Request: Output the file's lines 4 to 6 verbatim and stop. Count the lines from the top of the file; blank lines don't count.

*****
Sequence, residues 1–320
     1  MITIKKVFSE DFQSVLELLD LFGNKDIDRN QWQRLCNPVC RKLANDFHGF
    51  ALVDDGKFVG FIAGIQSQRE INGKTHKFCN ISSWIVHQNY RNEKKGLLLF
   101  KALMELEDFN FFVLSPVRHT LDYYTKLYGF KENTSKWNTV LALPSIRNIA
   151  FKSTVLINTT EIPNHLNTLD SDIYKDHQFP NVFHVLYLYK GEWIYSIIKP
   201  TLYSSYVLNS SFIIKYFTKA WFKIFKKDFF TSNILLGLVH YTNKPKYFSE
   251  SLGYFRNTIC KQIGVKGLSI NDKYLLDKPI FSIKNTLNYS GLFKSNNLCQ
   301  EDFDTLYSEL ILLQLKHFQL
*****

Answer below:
   101  KALMELEDFN FFVLSPVRHT LDYYTKLYGF KENTSKWNTV LALPSIRNIA
   151  FKSTVLINTT EIPNHLNTLD SDIYKDHQFP NVFHVLYLYK GEWIYSIIKP
   201  TLYSSYVLNS SFIIKYFTKA WFKIFKKDFF TSNILLGLVH YTNKPKYFSE